My research focuses primarily on large scale, extratropical atmospheric dynamics.

One facet of
m
y work is the study of stratosphere
-
troposphere interaction.

This examines the role of the
11


stratosphere in influencing tropospheric climate and short
-
term surface variability (weather).

Another facet of this work is the study of annular (disk
-
like) modes
.

Recent work has shown
that the atmosphere has preferred states that can be characterized as annular modes.

Much of the
intraseasonal variability seen in the stratosphere can be explained by examining just a few of
these modes.

A final facet of my work

involves assessing the ability of global climate models to
accurately and realistically simulate atmospheric annular modes and the physical mechanisms
that produce them.


Taha Mzoughi



tmzoughi
@kennesaw.edu

678
-
797
-
2152

SC 316

Available to meet:

Tuesday 12:30
-
1:30 ___ Wednesday 4


5 ___ By Apt. ___


David Rosengrant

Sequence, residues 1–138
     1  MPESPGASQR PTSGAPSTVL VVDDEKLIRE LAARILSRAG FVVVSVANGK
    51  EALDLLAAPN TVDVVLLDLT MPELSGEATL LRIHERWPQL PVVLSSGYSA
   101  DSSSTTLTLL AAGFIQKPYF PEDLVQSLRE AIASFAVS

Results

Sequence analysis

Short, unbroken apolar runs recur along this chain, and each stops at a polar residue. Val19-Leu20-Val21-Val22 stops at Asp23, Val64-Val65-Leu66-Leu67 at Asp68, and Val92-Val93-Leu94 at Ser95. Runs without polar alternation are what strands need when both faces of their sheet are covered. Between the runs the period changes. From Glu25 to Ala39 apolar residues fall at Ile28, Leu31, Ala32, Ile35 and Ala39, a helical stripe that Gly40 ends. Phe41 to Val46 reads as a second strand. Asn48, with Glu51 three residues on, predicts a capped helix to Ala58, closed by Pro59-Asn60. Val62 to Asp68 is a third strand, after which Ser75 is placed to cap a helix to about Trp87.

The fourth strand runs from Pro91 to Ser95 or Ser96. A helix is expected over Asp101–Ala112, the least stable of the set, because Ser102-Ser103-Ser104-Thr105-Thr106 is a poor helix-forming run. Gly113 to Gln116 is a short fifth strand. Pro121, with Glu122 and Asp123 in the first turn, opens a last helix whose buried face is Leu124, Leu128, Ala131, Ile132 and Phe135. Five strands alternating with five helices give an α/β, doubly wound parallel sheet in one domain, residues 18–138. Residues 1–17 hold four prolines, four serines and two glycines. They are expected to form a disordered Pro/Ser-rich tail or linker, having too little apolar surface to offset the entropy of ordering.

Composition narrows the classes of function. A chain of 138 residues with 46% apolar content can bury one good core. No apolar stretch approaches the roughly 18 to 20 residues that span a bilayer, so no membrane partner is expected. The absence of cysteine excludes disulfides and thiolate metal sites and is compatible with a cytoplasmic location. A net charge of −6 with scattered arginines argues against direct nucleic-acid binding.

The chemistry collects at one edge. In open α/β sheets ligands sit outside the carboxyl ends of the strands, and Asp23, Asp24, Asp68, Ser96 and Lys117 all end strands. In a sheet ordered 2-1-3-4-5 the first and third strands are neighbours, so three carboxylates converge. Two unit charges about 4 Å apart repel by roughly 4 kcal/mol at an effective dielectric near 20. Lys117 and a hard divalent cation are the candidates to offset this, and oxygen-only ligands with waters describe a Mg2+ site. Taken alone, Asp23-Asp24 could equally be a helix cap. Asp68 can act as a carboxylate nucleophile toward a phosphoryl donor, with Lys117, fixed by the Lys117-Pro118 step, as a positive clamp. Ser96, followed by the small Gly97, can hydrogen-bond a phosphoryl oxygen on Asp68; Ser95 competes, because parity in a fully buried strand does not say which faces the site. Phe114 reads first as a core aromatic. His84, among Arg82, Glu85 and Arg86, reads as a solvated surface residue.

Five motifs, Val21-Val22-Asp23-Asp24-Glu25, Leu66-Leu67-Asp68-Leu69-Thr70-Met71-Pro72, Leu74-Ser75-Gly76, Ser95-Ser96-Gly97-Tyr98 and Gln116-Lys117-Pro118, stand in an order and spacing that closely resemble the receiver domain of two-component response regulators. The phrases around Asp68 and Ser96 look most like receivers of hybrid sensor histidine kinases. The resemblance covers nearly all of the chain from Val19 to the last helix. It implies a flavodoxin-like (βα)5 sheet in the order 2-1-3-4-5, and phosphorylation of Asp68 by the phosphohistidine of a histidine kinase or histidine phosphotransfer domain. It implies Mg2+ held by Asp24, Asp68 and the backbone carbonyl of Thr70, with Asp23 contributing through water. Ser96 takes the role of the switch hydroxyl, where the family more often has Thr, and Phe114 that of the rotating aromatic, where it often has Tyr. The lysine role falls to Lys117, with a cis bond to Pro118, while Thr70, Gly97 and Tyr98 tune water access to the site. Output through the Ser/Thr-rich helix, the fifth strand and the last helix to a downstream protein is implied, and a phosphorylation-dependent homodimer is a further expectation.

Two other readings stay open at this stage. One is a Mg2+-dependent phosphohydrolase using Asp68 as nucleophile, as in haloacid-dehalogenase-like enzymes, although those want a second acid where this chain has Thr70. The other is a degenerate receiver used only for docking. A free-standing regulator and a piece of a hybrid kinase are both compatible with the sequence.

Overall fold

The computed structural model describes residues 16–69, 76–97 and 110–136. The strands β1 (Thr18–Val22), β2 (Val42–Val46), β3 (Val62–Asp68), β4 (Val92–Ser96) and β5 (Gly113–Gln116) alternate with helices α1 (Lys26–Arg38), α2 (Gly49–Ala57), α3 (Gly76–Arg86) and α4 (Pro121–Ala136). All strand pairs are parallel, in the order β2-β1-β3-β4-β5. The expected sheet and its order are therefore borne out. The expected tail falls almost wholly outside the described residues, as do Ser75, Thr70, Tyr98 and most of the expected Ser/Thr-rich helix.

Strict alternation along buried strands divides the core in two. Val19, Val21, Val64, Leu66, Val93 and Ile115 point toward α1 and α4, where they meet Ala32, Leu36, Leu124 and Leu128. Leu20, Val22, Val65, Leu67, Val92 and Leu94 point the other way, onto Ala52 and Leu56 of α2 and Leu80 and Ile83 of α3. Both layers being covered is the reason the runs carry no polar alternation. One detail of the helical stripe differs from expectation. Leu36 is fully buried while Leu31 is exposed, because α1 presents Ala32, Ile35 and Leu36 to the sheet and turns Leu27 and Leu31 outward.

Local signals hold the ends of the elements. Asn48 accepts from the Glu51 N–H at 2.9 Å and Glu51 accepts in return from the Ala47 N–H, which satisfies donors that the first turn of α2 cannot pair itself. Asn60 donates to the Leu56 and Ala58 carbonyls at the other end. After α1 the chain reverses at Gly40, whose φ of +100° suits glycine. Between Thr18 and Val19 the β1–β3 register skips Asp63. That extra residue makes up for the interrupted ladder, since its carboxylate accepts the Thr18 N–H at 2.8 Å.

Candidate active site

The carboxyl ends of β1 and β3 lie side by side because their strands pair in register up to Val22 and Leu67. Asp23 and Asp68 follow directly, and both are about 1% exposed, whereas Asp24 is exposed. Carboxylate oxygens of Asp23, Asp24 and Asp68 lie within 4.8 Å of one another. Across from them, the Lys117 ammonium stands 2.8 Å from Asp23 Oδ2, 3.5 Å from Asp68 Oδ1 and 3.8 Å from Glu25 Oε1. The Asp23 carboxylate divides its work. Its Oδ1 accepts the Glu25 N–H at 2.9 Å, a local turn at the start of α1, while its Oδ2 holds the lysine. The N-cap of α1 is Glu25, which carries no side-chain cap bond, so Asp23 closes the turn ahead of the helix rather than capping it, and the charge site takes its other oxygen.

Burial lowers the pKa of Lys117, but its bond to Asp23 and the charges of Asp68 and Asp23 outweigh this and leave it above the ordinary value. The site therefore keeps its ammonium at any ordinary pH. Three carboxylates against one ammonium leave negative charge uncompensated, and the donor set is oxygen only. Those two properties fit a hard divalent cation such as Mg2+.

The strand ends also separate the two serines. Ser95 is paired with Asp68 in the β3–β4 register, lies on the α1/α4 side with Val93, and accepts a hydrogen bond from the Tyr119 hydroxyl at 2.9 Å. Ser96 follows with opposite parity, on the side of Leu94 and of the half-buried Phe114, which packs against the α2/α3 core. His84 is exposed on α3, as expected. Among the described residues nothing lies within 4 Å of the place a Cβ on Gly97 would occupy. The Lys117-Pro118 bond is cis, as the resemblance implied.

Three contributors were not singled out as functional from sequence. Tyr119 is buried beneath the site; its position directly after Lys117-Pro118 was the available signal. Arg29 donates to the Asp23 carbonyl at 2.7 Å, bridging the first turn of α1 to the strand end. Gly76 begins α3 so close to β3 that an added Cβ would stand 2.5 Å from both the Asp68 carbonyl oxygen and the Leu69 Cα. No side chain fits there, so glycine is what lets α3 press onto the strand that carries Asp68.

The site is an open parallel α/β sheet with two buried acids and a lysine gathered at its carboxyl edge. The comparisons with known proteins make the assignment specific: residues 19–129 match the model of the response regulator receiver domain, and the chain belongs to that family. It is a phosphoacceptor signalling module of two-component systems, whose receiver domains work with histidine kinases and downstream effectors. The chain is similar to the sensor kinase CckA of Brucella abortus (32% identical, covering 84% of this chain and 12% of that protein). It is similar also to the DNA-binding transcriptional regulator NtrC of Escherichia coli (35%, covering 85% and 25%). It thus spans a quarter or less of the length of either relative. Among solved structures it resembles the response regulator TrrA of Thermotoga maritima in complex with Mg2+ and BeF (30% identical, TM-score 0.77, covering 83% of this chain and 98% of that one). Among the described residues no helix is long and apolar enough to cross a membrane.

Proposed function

drosengr
@kennesaw.edu

678
-
797
-
2482

LIB 340

Available to meet:

Tuesda
y 12:30
-
1:30 ___ Wednesday 4


5 _
X
__ By Apt.
X
___


Dr. Rosengrant’s research is in physics education. His work is primarily with problem solving.
Specifically, he focuses on differences between experts and novices and how we can help our
novices dev
elop expert like skills. Part of this involves the use of multiple representations
(pictures, diagrams, graphs, charts). Finally, his interests are turning towards integrating eye
-
trackers into his research. Eye
-
trackers

allow researchers to investigate

what subjects look at
while completing different tasks which can then be used, in addition to other research methods to
achieve a greater understanding of students’ problem solving mentalities.


Science Education

Lisa Adams




ladams
@kennesaw.edu

770
-
499
-
3631

SC 317

Available to meet:

Tuesday 12:30
-
1:30 ___ Wednesday 4


5 ___ By Apt. ___

See research abstract found under Ecology section.


Michael Dias



mdias
@kennesaw.edu

678
-
797
-
2217

SC 308b

Available to meet:

Tuesday 12:30
-
1:30 ___ Wednesday 4


5 _
X
__ By Apt. _
X
__


A 14
-
year veteran of secondary science teaching, Mike Dias coordinates the biology education
program at
KSU. His research with teachers centers on mitigating the theory
-
practice gap
through problem
-
based approaches to teacher development that promote reflective and
progressive practices. Dr. Dias' conducts case studies of middle/secondary science teacher